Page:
Dan Schwartz: So Nina, our first post was such a hit that I think we’re due for an encore.  Thanks for being up for this.

It has only bewn a few weeks, but it feels like we’re moving at warp speed on developments.  We could spend another post just on The Donald, sorry, Mr. President. Somehow I think we’re likely to talk about that again soon.

But let’s focus today on some of the legislative items we’re keeping an eye on, particularly in Connecticut. Each year, it seems like our General Assembly likes to roll out fresh employment law ideas.

Is there a particular bill that you’re keeping your eye on now from an employee-side perspective?

nina_t_pirrotti1-150x150Nina Pirrotti: I’m so glad you asked!   Yes, let me tell you about one bill that has been on my mind on the federal level (I am speaking about it at an ABA conference in sunny Puerto Vallarta really soon) and then I will give you a couple of highlights from our backyard.  

The federal bill that looms large for me right now (although concededly perhaps not as large as the prospect of sitting on the beach, tequila based beverage in hand) is the misleadingly named  Lawsuit Abuse Reduction Act (“LARA”) which would force judges to respond to Rule 11 motions in a particular manner. 

Rule 11 allows for the possibility of sanctions to be imposed on attorneys or parties who submit (or later advocate for) pleadings which have been filed for an improper purpose or which contain frivolous arguments or claims.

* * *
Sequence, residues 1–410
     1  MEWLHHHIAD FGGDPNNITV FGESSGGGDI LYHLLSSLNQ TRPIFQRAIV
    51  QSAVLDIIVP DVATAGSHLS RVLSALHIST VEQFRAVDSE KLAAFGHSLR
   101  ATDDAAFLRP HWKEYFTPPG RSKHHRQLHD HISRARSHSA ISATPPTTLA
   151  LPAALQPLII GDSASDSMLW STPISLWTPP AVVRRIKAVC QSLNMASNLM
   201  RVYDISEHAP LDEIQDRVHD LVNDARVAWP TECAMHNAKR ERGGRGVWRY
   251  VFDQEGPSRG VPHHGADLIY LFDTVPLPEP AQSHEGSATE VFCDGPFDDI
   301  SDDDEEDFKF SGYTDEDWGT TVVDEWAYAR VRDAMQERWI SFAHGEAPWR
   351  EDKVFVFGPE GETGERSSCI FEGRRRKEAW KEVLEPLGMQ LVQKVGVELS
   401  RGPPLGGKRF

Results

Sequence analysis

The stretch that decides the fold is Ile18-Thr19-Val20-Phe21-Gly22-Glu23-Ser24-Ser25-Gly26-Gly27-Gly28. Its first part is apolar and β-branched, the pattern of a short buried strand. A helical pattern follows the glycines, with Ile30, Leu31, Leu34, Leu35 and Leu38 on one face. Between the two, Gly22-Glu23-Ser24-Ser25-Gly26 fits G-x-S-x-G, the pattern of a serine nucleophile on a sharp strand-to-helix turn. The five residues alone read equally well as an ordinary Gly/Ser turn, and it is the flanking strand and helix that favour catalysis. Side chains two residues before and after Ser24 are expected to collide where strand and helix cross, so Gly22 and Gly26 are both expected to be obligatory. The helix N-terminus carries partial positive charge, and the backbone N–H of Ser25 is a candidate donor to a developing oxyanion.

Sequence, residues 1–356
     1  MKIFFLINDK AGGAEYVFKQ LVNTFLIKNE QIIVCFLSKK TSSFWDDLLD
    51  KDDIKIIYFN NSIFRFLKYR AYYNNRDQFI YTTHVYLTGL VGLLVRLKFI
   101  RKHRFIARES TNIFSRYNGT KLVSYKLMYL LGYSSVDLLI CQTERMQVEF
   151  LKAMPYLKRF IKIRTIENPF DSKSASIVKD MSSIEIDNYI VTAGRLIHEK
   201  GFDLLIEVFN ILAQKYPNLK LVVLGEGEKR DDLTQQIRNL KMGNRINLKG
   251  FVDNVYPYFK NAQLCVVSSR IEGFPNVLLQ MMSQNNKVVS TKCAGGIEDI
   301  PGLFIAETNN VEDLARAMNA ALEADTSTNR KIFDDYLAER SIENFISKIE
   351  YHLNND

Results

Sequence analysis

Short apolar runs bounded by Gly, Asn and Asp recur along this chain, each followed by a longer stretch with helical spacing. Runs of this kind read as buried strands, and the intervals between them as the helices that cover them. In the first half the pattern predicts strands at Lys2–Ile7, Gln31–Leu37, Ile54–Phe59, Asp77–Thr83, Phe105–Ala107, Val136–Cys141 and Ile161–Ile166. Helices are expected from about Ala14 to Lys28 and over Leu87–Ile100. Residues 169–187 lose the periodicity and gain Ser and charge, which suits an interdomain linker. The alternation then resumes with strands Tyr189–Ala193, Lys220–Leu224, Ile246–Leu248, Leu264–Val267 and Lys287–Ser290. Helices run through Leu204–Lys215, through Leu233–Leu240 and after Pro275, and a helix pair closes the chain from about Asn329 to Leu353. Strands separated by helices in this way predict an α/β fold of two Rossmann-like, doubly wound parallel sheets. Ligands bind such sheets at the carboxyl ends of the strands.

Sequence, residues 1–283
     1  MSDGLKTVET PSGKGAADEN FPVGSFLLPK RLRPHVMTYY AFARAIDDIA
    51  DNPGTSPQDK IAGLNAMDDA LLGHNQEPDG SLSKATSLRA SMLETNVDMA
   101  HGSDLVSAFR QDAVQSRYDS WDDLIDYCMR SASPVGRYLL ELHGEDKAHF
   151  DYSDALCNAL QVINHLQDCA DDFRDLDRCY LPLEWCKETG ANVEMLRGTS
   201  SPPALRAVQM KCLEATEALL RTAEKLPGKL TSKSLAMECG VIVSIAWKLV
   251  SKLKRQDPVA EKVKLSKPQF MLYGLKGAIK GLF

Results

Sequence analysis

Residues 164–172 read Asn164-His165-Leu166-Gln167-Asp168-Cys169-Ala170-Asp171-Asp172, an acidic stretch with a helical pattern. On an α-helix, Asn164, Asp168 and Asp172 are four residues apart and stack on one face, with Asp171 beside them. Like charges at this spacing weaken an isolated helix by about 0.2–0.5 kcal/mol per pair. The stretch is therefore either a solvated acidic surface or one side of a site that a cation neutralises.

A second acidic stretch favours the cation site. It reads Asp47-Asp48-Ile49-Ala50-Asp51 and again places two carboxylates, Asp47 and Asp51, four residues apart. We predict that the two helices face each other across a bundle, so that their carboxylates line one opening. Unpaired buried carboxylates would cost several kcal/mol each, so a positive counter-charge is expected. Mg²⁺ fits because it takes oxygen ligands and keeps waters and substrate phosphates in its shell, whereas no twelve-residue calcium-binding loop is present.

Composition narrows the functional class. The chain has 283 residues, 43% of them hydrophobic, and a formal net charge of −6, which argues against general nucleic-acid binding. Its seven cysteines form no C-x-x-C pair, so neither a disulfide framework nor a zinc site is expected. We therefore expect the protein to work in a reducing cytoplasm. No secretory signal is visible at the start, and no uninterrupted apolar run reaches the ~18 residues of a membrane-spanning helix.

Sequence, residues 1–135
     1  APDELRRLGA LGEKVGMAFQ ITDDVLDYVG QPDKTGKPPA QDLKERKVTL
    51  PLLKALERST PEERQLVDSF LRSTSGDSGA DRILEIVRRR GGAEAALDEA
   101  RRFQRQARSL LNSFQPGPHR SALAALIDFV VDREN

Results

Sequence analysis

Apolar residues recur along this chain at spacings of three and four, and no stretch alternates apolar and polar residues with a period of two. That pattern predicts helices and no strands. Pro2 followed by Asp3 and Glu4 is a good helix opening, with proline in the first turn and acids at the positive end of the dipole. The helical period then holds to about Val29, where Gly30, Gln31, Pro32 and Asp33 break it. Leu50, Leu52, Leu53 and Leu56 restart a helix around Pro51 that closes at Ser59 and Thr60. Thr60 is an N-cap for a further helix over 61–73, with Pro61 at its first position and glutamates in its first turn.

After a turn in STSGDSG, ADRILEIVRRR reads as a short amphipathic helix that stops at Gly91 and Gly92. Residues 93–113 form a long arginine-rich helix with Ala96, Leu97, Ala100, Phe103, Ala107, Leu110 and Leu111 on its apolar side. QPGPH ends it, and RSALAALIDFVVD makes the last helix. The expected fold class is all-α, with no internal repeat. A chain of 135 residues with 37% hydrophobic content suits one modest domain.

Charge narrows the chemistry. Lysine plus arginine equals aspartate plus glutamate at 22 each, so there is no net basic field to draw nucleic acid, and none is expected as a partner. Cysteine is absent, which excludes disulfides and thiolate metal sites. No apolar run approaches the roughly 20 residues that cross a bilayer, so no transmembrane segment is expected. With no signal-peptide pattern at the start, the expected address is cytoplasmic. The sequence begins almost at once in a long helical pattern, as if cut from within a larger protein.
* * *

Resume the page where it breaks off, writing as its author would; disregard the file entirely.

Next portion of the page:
While Rule 11 motions rear their ugly heads relatively rarely in litigation, a newly invigorated Republican majority in Congress has proposed LARA which would amend the sanctions provisions in Rule 11 to remove all judicial discretion – – regardless of the circumstances of the individual case- – in two critical respects. 

First it would require the court to sanction any attorney, law firm, or party who violates the rule.  Second it forces judges who find the rule has been violated to order the offending party to pay  the other party’s attorneys’ fees and costs.  Those in my world who oppose LARA say that there is no proof Rule 11 is not working in its current form, that the changes would burden the courts and that  its “once size fits all” mandatory sanctions would unfairly penalize employees in civil lawsuits.

Closer to home, two bills come to mind.  The first is a proposed modification of C.G.S.A. 31-51m, a statute which bars employers from retaliating against employees who report  employers’ unethical or legal wrongdoings to public bodies. 

The modification seeks to  protect employees who complain about such conduct internally or who refuse to participate in an activity they believe to be in violation of the law.   It also seeks to extend the timeline to bring an action under the law (employees now have only 90 days to file) and to provide for a greater array of damages if the employer violates the statute.